by the Rev. Asher O’Callaghan
Proclaim member and
Program Director of ELM
In this time of Lent as we follow the call to journey into the wilderness, we also remember our ancestors in faith who went before us. To help us in doing that, several Proclaim members will be reflecting upon the mystics in their blog posts here during the coming month.
There’s something inherently queer about the mystics. Take some of the first Christian mystics, for example, called the Desert Mothers and Desert Fathers. They had a distinctive “lifestyle”. They defiantly rejected their society’s standards of respectability – trouncing gender norms, refusing to get married, and sometimes redefining family as they lived together in communities of solitude. Their unconventional sense of style included garments made of goat’s hair, and in the case of some of the Desert Mothers, shaved heads and men’s clothing.
According to Merriam-Webster, mysticism can be defined as, “the belief that direct knowledge of God, spiritual truth, or ultimate reality can be attained through subjective experience…” While our embodiement of mysticism usually doesn’t exaclty match that of the Desert Mothers and Fathers, we as queer people have become mystics in the way we value subjective experience.
We have had to learn to embrace our own experiences of how God is moving in our lives. We have listened to our lives and learned from the desires of our hearts, trusting that God dwells there. In order to survive, much more to thrive, we have had to learn to measure any interpretation, any doctrine, any teaching against our own experiences and the experiences of people who are on the margins. When church tradition has attempted to separate out our soul from our bodies and God’s will from our experiences, our response has been a mystical one. We have boldly embraced the mystical union of God’s will for us and the deepest desire of our hearts – fullness of life embodied in the flesh and blood of our love.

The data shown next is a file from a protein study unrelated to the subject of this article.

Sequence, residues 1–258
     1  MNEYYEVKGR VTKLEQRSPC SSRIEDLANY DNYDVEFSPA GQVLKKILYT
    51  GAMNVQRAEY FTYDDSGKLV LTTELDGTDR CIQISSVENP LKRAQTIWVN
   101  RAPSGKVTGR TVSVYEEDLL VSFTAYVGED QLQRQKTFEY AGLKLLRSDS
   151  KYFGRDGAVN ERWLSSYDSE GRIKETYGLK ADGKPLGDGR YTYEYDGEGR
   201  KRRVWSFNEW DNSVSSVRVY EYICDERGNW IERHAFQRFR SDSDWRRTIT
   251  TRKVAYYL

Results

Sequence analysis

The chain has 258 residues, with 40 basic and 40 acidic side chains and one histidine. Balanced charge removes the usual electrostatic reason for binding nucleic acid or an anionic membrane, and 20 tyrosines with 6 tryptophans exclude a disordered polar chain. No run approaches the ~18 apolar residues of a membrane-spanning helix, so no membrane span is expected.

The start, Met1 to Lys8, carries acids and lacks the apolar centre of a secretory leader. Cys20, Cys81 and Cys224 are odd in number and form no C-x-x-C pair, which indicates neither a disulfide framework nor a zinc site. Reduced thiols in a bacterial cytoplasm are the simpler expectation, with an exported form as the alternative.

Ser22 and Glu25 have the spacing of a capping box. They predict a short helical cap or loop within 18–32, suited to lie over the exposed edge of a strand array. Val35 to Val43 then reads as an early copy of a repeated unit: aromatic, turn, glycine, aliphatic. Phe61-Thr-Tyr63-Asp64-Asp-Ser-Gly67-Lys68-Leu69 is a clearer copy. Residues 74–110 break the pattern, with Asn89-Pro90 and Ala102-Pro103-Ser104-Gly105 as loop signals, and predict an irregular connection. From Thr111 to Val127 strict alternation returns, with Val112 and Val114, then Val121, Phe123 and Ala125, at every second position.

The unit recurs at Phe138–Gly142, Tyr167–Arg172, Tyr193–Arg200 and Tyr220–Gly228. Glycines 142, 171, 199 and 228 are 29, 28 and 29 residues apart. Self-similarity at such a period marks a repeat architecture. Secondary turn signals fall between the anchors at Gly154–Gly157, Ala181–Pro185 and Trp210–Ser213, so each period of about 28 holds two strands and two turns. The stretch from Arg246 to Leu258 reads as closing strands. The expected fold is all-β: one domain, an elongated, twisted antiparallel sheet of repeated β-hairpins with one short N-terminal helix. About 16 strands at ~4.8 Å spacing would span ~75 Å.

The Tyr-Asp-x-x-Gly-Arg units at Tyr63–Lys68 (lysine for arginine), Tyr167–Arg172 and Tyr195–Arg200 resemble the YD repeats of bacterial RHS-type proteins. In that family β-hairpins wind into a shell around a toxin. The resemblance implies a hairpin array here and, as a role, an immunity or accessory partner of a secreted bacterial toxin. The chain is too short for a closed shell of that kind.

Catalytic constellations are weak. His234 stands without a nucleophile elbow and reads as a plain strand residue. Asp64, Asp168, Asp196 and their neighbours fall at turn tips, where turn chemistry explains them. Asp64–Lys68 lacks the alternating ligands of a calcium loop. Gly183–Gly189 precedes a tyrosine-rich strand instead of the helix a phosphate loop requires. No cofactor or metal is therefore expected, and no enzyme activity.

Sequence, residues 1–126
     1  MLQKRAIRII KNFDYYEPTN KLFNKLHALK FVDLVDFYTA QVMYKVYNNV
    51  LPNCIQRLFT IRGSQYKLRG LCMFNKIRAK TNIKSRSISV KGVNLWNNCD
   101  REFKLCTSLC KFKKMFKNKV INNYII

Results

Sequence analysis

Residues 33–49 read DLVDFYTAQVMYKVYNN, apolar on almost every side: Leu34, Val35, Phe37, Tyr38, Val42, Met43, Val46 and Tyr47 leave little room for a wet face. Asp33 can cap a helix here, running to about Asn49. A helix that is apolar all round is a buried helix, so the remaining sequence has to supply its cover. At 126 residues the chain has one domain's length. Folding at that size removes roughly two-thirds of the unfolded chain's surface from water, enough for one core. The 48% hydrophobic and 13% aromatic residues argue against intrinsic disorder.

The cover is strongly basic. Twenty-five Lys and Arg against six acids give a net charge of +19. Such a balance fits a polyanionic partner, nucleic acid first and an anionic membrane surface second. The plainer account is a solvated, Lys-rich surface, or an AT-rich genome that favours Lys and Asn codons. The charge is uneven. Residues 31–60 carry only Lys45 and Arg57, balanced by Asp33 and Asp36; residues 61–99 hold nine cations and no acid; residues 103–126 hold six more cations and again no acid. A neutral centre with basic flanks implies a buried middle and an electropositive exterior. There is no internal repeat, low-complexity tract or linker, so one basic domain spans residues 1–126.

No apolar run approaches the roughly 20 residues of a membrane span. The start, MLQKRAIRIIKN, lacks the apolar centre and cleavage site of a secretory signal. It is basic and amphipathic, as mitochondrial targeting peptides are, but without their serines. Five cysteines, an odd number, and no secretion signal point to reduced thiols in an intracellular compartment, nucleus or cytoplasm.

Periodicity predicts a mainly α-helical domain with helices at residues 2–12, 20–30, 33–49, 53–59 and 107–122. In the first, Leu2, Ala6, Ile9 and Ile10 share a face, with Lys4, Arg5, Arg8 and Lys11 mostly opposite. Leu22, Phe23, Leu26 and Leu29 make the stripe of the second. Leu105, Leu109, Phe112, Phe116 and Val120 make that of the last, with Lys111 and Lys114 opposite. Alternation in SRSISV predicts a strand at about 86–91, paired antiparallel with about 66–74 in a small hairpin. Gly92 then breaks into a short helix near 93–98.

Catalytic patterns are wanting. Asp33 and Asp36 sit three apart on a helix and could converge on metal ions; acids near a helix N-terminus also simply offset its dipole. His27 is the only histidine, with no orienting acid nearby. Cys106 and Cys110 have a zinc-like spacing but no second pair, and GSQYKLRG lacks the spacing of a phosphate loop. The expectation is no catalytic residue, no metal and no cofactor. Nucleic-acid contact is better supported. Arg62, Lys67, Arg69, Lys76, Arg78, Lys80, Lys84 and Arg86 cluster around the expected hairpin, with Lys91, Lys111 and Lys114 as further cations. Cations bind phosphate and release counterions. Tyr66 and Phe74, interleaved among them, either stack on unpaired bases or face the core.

And as we’ve wandered through this spiritual wilderness, we have never been alone. We have a great cloud of witnesses who have gone before us, preparing the way. Whether in the saints of our movement in the Lutheran church, or in the witnesses salted throughout our Scripture who dared to express a mystical intimate relationship with God. From Joel R. Workin, to Blanche Grube. From Elijah to John the Baptist. From Hannah to the prophet Anna.
During my own times in the wilderness, I’ve found great comfort in the Psalms. In particular Psalm 139 has always been a favorite. In a mystical reflection one afternoon as I was in the process of coming to embrace my transgender identity, I wrote the following adaptation of Psalm 139. I wrote it as a prayer and blessing for the journey of life ahead of me. I offer it here as blessing for your own journey—you beautiful mystic you!—whatever season of life you may find yourself in:
Learn to live and love
accordingly attuned to
the compass with which
your Maker has endowed you—
Imago Dei irreplacably displayed
within your own heart.
May you courageously trust
that sacred thread
by which you are tenderly
knit together with infinite
wisdom, intention, and affection
carefully hemmed in each and every stitch—
back inside your mother’s womb
and every single moment
The Rev. Asher O’Callaghan (he/him/his) serves as Program Director of Extraordinary Lutheran Ministries. He works from his apartment in Denver, Colorado. These are a few of his favorite things: his cat Jack, his neices and nephews, poetry slams, brewery tours, and writing bios in the third person.
Photo at top: Public commons
Bio Photo: Emily Ann Garcia